When physical items lose their inherent value to electronic blips and paper instruments such as futures, puts, calls, options, swaps, etc., the atmosphere is optimal for things like negative interest rates.

The article also summarizes the tax angles on the war on cash. Taxing authorities throughout the world are as dogged as Inspector Javert. They want your money! But make no mistake, the heart of this movement is really about control. All these points are merely tentacles of that octopus.

That is what the editorial focuses upon. It says, “The enemies of cash claim that only crooks and cranks need large-denomination bills. They want large transactions to be made electronically so government can follow them.”

It notes that in Italy and France it is illegal to use cash for any purchase over €1,000 and British businessmen have to register with tax authorities if they might handle cash transactions greater than €15,000.

The point, as if it needs to be made again, “The real reason the war on cash is gearing up now is political: Politicians and central bankers fear that holders of currency could undermine their brave new world of negative interest rates.”

Money quote: “By all means people should be able to go cashless if they like. But it’s hard to avoid the conclusion that the politicians want to bar cash as one more infringement on economic liberty. They may go after the big bills now, but does anyone think they’d stop there? Why wouldn’t they eventually ban all cash transactions much as they banned gold and silver as mediums of exchange?”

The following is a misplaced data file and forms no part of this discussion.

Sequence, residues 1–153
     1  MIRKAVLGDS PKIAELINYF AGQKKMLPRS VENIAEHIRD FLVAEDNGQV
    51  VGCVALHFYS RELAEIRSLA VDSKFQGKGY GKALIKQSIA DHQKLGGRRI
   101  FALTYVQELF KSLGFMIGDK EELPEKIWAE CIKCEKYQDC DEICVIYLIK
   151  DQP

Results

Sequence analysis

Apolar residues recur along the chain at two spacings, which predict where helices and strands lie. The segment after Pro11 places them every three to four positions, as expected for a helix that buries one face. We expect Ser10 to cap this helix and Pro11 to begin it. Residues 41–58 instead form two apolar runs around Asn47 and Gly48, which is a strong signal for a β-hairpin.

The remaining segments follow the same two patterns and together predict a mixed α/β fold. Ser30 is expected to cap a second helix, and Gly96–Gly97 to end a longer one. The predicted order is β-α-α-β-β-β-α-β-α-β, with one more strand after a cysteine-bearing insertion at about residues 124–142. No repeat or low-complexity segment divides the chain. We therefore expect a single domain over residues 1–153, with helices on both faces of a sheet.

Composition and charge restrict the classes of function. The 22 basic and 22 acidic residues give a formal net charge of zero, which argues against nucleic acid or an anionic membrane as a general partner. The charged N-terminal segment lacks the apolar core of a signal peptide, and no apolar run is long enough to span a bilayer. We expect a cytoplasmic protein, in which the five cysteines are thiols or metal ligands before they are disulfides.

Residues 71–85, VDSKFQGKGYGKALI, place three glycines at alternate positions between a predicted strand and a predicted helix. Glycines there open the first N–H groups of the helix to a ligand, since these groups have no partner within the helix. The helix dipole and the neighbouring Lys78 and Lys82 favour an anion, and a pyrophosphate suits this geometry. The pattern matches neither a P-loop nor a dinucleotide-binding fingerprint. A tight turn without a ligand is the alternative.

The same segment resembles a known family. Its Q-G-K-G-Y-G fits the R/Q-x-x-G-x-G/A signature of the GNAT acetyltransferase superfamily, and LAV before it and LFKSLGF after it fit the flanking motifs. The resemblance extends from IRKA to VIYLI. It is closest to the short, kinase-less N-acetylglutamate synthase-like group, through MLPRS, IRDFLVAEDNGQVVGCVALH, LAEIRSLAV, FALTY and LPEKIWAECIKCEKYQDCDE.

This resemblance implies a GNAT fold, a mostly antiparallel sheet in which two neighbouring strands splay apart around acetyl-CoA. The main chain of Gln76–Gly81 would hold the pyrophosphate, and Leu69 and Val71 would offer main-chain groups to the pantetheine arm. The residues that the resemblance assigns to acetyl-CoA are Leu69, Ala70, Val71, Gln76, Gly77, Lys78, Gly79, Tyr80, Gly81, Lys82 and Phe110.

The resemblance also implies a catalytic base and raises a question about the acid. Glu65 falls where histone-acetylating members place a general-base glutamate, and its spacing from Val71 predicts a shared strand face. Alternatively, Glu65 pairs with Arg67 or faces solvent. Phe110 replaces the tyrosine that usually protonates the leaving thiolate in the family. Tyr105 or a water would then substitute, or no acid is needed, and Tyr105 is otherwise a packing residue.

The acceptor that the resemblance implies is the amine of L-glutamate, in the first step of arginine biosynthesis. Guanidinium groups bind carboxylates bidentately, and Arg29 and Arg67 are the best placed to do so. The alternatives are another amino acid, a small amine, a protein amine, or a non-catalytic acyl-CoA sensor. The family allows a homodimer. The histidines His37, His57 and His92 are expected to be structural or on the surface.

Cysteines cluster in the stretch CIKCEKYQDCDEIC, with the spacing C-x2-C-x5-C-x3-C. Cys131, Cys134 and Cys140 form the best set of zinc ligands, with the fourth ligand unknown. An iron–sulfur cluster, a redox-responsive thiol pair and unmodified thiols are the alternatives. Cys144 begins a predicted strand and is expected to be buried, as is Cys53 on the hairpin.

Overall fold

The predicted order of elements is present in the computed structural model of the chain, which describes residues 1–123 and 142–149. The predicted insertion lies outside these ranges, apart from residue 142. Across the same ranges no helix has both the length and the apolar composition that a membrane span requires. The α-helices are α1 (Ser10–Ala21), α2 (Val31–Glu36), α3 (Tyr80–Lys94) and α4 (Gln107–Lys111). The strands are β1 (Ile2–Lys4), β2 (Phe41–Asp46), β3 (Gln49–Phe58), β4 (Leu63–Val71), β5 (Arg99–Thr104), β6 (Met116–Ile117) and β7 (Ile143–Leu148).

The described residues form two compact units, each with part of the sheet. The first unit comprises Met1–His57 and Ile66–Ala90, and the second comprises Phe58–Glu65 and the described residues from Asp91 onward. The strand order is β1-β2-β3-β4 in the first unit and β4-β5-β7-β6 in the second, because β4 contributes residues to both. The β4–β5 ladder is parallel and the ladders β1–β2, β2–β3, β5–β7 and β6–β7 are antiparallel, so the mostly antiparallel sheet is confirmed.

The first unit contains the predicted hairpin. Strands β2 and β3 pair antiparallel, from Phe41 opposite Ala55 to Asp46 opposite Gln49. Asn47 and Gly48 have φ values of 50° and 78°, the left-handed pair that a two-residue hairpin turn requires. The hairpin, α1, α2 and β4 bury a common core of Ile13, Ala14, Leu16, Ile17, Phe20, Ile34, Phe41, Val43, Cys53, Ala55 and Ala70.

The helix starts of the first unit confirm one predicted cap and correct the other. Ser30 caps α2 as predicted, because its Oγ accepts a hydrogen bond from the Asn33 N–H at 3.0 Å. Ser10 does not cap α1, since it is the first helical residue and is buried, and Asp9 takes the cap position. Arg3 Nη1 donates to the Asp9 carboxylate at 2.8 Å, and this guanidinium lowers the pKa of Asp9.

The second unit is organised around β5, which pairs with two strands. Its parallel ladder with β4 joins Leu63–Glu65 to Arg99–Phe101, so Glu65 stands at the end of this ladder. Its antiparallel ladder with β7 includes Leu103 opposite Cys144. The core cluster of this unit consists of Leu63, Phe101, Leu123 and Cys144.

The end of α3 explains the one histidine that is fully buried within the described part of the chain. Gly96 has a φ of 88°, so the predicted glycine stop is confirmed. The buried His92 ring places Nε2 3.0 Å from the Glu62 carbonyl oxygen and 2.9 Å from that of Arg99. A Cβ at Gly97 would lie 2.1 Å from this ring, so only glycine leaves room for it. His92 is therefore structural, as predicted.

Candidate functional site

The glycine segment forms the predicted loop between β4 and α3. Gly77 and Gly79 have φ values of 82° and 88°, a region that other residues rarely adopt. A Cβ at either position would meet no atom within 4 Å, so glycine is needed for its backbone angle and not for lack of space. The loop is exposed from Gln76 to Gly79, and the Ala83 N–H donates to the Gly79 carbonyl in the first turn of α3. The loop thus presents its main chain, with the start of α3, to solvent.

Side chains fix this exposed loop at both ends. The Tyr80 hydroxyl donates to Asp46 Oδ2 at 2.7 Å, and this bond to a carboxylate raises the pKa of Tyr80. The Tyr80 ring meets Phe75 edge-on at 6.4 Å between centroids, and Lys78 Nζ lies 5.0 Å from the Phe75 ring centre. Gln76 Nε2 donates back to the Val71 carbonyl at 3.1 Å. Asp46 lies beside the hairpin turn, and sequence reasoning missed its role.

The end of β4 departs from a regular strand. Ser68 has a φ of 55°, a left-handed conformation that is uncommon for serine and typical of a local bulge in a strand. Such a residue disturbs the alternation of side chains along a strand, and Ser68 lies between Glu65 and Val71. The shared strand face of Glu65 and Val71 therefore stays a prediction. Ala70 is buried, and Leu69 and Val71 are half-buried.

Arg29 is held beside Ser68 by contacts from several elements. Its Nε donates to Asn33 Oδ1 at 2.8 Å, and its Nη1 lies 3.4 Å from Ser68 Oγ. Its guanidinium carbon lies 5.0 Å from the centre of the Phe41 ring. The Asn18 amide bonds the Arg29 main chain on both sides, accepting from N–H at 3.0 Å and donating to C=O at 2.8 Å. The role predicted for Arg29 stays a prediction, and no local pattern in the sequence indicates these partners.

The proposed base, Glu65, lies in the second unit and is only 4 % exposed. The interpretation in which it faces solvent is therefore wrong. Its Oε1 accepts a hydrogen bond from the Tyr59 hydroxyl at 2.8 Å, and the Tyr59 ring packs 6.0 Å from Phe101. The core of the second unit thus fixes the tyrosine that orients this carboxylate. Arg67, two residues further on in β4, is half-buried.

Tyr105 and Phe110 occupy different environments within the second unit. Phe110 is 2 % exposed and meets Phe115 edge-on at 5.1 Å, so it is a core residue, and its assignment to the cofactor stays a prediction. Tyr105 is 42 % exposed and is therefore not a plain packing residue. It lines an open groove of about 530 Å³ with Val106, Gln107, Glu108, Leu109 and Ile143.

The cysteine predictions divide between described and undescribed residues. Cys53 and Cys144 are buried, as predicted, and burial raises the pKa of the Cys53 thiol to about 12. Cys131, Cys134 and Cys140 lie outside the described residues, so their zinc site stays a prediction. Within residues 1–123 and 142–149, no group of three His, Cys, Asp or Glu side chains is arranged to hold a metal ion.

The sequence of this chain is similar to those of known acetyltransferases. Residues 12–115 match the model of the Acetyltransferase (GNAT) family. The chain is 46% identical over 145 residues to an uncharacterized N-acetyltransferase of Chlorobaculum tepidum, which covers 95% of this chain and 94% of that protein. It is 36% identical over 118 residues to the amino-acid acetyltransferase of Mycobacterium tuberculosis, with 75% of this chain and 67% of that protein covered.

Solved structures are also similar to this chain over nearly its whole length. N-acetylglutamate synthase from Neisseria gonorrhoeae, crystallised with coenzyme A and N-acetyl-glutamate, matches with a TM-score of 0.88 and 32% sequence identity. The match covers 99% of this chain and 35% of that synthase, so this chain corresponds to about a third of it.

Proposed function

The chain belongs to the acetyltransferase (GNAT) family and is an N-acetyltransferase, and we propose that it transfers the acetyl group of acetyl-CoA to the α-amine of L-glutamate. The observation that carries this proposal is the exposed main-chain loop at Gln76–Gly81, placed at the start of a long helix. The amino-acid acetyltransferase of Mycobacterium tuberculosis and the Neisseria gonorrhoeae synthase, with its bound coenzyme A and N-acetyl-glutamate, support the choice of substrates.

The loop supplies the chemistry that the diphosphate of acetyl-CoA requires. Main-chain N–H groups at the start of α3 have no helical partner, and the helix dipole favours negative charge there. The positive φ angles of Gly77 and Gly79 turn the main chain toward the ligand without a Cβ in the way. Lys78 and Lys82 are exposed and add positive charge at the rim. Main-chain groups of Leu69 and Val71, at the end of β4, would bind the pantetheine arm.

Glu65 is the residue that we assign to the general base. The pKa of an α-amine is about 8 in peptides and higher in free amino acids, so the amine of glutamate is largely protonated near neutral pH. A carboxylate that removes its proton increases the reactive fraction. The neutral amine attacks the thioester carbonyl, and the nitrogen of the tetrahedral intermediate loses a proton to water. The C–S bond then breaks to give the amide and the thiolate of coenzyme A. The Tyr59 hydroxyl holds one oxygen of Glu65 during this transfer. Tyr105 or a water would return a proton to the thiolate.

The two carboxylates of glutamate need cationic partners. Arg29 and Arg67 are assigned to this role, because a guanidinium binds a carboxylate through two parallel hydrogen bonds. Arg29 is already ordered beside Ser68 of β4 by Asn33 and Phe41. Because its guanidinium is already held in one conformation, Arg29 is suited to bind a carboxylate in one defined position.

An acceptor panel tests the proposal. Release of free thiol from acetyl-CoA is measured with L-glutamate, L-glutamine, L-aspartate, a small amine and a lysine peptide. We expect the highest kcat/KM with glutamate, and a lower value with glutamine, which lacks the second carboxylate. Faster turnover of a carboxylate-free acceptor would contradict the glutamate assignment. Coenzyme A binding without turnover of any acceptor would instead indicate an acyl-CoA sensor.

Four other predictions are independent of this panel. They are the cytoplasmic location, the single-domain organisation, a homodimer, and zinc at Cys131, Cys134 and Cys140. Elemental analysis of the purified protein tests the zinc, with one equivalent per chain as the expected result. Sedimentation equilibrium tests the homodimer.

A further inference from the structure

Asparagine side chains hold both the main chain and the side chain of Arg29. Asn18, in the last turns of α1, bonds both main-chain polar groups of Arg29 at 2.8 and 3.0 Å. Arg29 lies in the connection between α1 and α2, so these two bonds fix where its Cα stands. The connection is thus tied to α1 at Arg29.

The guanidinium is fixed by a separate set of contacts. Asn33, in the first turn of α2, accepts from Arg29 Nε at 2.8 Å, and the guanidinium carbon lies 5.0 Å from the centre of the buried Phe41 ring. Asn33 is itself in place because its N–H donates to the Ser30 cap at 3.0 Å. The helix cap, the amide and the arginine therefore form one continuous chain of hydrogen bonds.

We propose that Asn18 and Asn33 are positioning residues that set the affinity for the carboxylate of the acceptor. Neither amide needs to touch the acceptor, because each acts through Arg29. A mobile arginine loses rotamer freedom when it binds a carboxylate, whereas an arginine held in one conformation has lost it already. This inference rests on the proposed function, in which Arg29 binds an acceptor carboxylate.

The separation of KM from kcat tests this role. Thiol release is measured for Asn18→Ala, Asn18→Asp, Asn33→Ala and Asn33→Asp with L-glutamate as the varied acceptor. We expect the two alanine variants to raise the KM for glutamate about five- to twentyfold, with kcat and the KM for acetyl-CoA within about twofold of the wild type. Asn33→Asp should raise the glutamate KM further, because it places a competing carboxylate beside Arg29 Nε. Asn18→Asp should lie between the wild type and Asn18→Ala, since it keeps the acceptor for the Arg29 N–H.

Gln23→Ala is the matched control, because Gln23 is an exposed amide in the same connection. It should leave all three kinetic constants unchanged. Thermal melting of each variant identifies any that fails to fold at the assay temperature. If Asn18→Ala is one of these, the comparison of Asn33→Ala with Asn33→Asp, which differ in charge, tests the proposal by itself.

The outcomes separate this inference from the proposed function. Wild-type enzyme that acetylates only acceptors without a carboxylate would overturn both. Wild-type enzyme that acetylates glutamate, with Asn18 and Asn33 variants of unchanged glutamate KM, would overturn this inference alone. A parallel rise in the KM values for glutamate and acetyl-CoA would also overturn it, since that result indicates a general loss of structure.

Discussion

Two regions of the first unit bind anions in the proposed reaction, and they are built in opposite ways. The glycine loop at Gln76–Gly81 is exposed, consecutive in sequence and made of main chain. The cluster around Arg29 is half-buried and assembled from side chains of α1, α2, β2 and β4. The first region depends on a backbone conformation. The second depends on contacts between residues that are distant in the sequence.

Politicians seek to control money and people. If your money is held hostage in a bank, banks under the thumb of governmental “regulators,” then you are controlled. But if you have your money in your hands, you can maintain a high degree of independence. Modern governments do not like that.

Free the Land

And now for a little history…

King Barry I’s recent royal edict declaring that nearly 2 million acres of California was to henceforth be off-limits to the rabble and become part of the royal forest system, a preserve for the special people. And  while that list is unlikely to include you, dear reader, be grateful that your tax dollars paid for it and will pay to maintain those lands for his highness’s pleasure.

Travel back in time to the reign of William the Conqueror (that’s late 11th century England). King William designated great swaths of England as “royal forests.” He did this for two big reasons. One, he needed royal-owned lands to generate income, furnish resources for the crown and provide a place to play for the king, family and connected elites. However, the rabble, some of whom lived in these “forests,” could not partake in these frolics nor utilize any of those resources. They were forcibly removed and their villages abandoned. Sound familiar?

The second reason was to keep the land out of private hands wherein it might be used against him. Land owners can be independent and hard to control but renters are always dependent upon a landlord.